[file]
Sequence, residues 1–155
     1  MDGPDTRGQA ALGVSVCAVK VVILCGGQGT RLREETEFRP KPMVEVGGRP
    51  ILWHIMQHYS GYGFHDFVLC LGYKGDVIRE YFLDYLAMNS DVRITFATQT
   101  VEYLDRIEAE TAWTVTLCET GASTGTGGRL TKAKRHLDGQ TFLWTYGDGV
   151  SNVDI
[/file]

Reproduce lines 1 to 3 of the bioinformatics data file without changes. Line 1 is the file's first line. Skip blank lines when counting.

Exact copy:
Sequence, residues 1–155
     1  MDGPDTRGQA ALGVSVCAVK VVILCGGQGT RLREETEFRP KPMVEVGGRP
    51  ILWHIMQHYS GYGFHDFVLC LGYKGDVIRE YFLDYLAMNS DVRITFATQT